Archive for December, 2009


Intersectionality is a term I’ve thrown around on this blog a few times now, but I have yet to truly define it. Intersectionality can best be defined by Stacy Ann Chin, revolutionary spoken word activist, when she proclaims, “ALL OPPRESSION IS CONNECTED, YOU DICK!” And trust me – this is best to hear performed:

Granted, Stacy Ann Chin is speaking of her mixed identity as Chinese Jamaican American lesbian feminist, but this connection of oppression applies to all forms of intersectionality. Jewish feminism is certainly a form of intersectionality because it is the connection of anti-semitism, sexism, and the oppression created by some Jewish traditions. When this blog was a mere idea and I told people of its cultivation, I received questions like “Why so specific?” or “Will you have enough to write about?” or “Doesn’t that exclude people who aren’t Jewish?”

The truth is that I asked myself these very questions before I realized that the purpose of this blog is to explore the intersection of Judaism and feminism, the connection of oppressions that is rarely recognized. Sometimes, specific attention to a specific set of issues is necessary to make people think of their actions within their individual communities. Sometimes, society is too large a structure to blame and sometimes – like in the case of this blog – the connection of oppressions allows for the realization that every movement is contingent on another.


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Sometimes, I want to be told what to think; I want to be given an opinion ready-made on a silver platter so I can do the fun job of protesting without the hard work of assessing the why. That is, after all, why I will read the op-eds before the front page and why I absolutely adore inhaling the wealth of beliefs given to me by savvy blogs.

But now I have my own blog and I must do the dirty work of finding out where I stand. And guess what? Today, I disagree with a post on an opinion source I otherwise agree with. Jewcy usually provides a refreshingly progressive and stylish take on Jewish life. With categories like sex, lifestyle, and artists, this young source for Jewish media has some great opinions I am more than happy to latch onto, but this post entitled “Jewesses: Officially Hot” doesn’t sit so well. It seems like a poorly allocated celebration of the acknowledgment of Judaism as sexy. But let me say this: objectification does not connote sexiness.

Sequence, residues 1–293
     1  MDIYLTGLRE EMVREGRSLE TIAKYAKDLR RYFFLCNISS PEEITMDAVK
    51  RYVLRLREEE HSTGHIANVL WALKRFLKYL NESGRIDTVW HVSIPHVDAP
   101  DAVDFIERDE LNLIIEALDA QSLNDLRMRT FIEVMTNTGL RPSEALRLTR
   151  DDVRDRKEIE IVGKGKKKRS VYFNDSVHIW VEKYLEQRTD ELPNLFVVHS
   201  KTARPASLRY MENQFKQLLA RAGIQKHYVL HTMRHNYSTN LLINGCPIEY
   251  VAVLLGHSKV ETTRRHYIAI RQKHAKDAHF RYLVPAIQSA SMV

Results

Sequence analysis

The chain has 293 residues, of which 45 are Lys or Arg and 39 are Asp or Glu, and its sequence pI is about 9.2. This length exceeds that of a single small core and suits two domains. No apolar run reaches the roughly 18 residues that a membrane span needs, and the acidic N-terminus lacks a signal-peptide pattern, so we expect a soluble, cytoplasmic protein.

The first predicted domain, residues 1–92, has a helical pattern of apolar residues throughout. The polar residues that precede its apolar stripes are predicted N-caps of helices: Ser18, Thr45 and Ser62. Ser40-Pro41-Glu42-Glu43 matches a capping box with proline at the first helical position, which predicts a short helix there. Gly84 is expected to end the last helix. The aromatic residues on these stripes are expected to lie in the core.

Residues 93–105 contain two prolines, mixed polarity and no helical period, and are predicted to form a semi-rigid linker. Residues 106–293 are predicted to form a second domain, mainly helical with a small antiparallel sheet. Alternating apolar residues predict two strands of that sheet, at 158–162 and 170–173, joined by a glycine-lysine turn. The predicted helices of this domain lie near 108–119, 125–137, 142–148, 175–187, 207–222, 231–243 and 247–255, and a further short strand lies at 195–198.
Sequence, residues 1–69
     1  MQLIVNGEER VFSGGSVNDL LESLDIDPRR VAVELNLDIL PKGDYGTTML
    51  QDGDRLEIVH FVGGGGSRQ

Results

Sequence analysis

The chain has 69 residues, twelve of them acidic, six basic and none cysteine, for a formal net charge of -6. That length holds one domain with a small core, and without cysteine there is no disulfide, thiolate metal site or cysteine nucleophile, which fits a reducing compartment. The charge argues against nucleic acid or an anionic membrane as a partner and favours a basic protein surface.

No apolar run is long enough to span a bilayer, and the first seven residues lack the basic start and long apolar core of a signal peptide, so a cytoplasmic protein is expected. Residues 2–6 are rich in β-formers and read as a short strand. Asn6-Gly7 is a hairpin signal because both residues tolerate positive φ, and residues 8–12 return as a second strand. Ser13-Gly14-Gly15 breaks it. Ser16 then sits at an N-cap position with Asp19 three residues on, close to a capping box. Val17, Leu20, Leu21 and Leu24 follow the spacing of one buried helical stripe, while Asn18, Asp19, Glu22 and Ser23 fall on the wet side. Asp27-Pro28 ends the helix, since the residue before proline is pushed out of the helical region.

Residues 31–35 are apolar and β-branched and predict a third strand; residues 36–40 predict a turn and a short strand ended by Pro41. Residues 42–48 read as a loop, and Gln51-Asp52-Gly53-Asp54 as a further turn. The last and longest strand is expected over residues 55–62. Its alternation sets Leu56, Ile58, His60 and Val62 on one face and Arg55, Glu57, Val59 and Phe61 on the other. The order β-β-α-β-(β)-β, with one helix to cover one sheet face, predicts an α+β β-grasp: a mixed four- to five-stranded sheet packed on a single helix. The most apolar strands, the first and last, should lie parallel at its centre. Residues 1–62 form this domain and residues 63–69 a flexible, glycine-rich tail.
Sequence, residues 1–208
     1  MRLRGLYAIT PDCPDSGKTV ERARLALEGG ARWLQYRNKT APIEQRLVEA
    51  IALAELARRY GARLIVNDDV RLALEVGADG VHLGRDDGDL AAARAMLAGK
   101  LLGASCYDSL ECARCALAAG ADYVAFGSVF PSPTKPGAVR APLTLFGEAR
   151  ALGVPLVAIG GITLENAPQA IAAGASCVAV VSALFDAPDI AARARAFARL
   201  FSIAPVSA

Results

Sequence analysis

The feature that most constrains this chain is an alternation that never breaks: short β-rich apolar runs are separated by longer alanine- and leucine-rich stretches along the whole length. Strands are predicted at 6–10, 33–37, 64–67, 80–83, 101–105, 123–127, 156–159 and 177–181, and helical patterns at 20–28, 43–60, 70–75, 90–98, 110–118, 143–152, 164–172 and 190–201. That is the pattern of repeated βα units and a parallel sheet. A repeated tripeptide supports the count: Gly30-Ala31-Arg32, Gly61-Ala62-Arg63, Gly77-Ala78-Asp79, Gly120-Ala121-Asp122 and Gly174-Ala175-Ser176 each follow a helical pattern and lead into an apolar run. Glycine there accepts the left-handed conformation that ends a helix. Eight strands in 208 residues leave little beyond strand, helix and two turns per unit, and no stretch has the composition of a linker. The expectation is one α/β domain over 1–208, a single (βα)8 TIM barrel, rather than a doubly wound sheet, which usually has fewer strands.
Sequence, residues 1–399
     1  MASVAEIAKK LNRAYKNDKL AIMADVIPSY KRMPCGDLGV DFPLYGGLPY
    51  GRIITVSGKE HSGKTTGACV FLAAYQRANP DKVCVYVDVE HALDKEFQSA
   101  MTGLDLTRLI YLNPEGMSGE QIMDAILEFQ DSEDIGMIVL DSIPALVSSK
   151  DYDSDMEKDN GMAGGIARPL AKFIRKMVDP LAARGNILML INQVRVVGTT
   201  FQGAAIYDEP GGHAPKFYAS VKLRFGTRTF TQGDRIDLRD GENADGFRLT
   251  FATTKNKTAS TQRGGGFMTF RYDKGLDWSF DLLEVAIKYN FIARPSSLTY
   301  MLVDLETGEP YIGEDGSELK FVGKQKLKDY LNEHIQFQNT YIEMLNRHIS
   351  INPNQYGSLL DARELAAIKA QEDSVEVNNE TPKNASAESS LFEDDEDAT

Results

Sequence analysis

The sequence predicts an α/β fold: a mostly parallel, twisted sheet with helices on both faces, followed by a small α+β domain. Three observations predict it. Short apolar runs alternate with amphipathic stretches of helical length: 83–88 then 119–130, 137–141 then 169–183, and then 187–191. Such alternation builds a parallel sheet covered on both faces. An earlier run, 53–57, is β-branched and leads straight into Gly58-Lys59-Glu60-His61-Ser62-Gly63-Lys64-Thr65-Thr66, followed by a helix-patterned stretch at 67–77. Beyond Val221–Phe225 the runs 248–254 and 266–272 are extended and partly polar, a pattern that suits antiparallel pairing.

I believe this

(and this)

to be appalling. The men’s magazine Details in their oh-so-classy “dating + cheating” section has published an article that depicts “why American men are lusting after women of the tribe.” This is yet another sexist portrayal of stereotyped ethnicity where the given ethnicity is fetishized for being “exotic.” Not to mention that Jewish women come in all different shapes, sizes, and colors, which this article certainly does not acknowledge in a physical and sexual stereotyping tirade.

Jewish women who assimilate into a predominantly Christian society/workforce are neither “cultural mutts like Rachel Weisz, Emmanuelle Chriqui, and Rachel Bilson” nor are they “like the Catholic-schoolgirl fetish” and it is unbelievably creepy to think of  this apparently common “desire to dominate a Jewish chick” simply because she is “one of the tribe.”

This whole article terrifies me because through it, Jewish women are objectified as this one homogeneous group that is there only to serve/be dominated by the patriarchal WASP consumer culture with subscriptions to this sexist stereotyping magazine.

So I have formed my own opinion and it is a strong one and through writing (a whole lot) about these sexist wrongs, this Jewess Jewish feminist has gotten stronger.

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This summer, I was blown away after I read The Red Tent by Anita Diamant, which tells the story of Dinah, biblical daughter of Jacob. This 336 page book stems from a single footnote in the Torah, which simply states that Dinah was raped. That is the only mention of the only daughter of a religious dynansty. I feel like I can never take the Torah too seriously because, like many old-school textbooks I have been assigned, half of history is omitted. This one beautifully-written novel seeks to redress this wrong by providing the reader with a detailed description of the women’s lives in the Red Tent, along with body acceptance woven into the descriptive words.